From the day after surgery you’ll be able to drink clear liquids and then move to a liquid/pureed diet to which you will have to adhere for up to 4 weeks, slowly transitioning to soft and then regular foods. You will have to remember to eat smaller portions than you used to, chew the food thoroughly and slowly. Avoid drinking and eating at the same time as this might cause your stomach to overfill. . You should wait about 30 minutes after a meal to drink some water. Remember to sip slowly and not gulp. You will also need to supplement your diet for life with some vitamins and minerals daily to avoid deficiencies due to malabsorption. You surgeon and dietitian will provide you with all the required information on how, when and what to eat.
Discharge from the hospital usually occurs 1-3 days after the procedure and some discomfort or pain might be present for up to a week and for which you will be prescribed pain killers.
You will be encouraged to resume being active, such as walking, soon after surgery as this leads to a faster recovery. Avoid heavy lifting (more than 5-7Kg), pushing, pulling and in general any movement that elicits pain. After laparoscopic surgery you should be able to resume most of your activities in 2-4 weeks.
You will have a scheduled appointment with your surgeon a couple of weeks after surgery and then a few more over the course of one year.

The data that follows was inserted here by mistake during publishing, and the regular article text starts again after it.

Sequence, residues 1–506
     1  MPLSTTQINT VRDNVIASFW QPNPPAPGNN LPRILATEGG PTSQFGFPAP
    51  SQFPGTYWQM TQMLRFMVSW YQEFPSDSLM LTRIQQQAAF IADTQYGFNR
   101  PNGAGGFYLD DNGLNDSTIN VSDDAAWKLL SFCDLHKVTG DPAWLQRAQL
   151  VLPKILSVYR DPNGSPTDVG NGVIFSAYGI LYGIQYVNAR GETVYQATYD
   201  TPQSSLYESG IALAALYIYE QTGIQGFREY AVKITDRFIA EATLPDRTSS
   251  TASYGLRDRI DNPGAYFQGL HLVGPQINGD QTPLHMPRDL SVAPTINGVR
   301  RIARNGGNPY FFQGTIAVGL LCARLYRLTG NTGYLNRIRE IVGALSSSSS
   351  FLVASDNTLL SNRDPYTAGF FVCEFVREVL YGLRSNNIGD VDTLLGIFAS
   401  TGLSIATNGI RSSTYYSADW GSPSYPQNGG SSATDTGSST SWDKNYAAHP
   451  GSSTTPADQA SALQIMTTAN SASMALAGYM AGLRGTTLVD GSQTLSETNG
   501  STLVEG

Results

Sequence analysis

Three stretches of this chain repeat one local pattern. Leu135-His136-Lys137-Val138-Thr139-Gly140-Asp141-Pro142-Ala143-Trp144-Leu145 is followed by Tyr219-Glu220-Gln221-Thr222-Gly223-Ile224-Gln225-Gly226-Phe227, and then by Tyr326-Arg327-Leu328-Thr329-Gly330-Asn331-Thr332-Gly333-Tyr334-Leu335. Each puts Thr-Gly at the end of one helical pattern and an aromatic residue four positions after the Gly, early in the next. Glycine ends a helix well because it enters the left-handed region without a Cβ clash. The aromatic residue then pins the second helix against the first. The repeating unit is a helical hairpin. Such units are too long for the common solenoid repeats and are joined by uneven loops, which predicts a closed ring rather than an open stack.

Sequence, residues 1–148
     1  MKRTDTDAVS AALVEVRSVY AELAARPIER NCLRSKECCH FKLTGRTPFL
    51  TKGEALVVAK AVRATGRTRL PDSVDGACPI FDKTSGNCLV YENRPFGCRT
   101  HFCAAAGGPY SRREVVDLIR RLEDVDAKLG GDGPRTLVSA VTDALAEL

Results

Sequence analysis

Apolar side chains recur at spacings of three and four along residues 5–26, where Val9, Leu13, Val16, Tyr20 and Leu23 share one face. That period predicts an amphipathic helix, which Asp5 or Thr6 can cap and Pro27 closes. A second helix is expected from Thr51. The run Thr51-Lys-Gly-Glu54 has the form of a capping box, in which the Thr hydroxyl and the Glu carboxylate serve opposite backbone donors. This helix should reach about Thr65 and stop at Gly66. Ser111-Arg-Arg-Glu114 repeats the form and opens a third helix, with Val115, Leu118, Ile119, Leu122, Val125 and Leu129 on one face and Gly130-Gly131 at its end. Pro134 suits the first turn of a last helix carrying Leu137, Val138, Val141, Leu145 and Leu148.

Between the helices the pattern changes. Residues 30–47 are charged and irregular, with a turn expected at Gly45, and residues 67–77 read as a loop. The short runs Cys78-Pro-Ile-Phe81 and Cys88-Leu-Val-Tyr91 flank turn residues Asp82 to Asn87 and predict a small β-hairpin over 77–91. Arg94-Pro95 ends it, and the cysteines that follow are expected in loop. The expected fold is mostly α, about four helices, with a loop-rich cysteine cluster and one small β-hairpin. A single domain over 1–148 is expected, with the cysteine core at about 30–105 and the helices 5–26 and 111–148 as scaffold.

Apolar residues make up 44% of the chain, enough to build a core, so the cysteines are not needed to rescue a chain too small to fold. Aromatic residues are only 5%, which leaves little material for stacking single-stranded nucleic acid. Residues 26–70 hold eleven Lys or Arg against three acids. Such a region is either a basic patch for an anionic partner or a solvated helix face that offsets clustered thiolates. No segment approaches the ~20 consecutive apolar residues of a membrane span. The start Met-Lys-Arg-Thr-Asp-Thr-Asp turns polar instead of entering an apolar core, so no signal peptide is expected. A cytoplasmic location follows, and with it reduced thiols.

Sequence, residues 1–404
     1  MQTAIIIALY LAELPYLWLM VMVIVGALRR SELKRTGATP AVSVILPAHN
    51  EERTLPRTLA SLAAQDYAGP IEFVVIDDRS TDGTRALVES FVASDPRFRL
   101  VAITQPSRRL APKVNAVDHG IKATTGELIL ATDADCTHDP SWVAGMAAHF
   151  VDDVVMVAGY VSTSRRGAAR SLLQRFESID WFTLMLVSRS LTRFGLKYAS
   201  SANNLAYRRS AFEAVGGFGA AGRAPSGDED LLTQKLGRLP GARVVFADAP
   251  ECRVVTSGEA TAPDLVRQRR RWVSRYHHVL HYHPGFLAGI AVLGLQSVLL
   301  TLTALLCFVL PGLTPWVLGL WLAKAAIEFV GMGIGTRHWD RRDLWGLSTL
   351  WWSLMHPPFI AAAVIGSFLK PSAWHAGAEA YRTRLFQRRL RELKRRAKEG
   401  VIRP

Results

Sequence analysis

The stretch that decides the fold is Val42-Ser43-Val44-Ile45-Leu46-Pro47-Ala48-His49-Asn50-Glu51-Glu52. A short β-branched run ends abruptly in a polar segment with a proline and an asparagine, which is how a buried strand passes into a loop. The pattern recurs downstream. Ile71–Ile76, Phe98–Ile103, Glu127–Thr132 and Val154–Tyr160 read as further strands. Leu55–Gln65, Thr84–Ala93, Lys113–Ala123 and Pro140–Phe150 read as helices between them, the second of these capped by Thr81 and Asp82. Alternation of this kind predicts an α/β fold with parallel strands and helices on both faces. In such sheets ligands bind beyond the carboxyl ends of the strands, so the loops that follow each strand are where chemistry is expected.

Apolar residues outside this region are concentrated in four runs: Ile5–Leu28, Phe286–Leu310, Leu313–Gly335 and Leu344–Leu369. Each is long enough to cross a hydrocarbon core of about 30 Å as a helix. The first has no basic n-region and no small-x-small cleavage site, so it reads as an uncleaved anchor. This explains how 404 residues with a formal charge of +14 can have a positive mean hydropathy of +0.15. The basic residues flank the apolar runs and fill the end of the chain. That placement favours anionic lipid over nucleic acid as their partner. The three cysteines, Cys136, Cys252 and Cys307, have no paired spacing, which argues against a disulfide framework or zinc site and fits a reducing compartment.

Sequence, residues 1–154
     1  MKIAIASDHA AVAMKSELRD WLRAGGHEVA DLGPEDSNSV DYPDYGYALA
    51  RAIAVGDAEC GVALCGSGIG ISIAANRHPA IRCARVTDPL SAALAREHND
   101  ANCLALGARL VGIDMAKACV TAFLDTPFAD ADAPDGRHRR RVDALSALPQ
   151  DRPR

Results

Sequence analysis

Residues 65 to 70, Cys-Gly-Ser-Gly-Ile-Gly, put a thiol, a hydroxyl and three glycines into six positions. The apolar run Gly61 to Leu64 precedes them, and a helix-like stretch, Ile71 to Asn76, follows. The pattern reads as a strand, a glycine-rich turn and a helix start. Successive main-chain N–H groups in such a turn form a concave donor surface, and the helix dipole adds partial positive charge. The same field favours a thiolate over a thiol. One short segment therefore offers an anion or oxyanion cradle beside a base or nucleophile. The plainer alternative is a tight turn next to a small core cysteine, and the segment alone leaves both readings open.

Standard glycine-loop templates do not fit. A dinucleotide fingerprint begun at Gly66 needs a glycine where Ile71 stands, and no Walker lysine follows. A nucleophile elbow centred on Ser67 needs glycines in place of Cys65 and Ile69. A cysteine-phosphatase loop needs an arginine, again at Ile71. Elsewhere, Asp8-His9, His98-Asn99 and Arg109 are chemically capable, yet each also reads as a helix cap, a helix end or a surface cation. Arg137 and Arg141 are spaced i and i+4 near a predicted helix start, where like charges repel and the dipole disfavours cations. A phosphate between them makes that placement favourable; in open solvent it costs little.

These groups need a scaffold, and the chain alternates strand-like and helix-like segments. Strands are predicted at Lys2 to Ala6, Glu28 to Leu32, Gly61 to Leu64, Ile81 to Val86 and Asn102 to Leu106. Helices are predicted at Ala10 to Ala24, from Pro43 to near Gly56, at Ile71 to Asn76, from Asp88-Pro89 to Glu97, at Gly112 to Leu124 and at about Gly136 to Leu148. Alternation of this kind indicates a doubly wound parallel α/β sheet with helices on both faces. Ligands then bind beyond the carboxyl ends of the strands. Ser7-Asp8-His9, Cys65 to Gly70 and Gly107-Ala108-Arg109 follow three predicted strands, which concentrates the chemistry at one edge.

You should expect to lose weight very quickly in the first 3-6 months and about 60% to 70% excess weight (not your total weight!) during the first 12-24 months, after which weight loss will slow down. Better results can be obtained by strictly adhering to the lifestyle and dietary changes as advised by your physician and dietitian.
Complications after Sleeve Gastrectomy
The gastric sleeve is considered a major abdominal surgery, thus it has an higher risk of complications than minor procedures. The main possible complication is the leakage of stomach content from the staple line. Other possible complications are
- vomiting from overeating
- injury to nearby organs during surgery
- scarring of the internal stomach wall which can lead to a bowel blockage
- thrombosis (blood clots)
- infection of the surgical wound site.
Maintenance of Results
Unlike other procedures such as the adjustable gastric band there will be no need of continuous device adjustments nor there is an high rate of re-operation.
You will have to keep following your diet as per your dietitian indications to keep losing weight and to avoid the stretching of the remaining portion of the stomach.
You will also need to keep exercising regularly, but keep in mind this doesn’t mean you have to join a gym and become a competitive athlete: a 30 minute walk each day could be enough.
- Carlos Hoyuela. Five-year outcomes of laparoscopic sleeve gastrectomy as a primary procedure for morbid obesity: A prospective study. World J Gastrointest Surg. 2017 Apr 27; 9(4): 109–117. Published online 2017 Apr 27. doi: 10.4240/wjgs.v9.i4.109
- Park JY, Kim YJ. Laparoscopic gastric bypass vs sleeve gastrectomy in obese Korean patients. World J Gastroenterol. 2015 Nov 28;21(44):12612-9. doi: 10.3748/wjg.v21.i44.12612.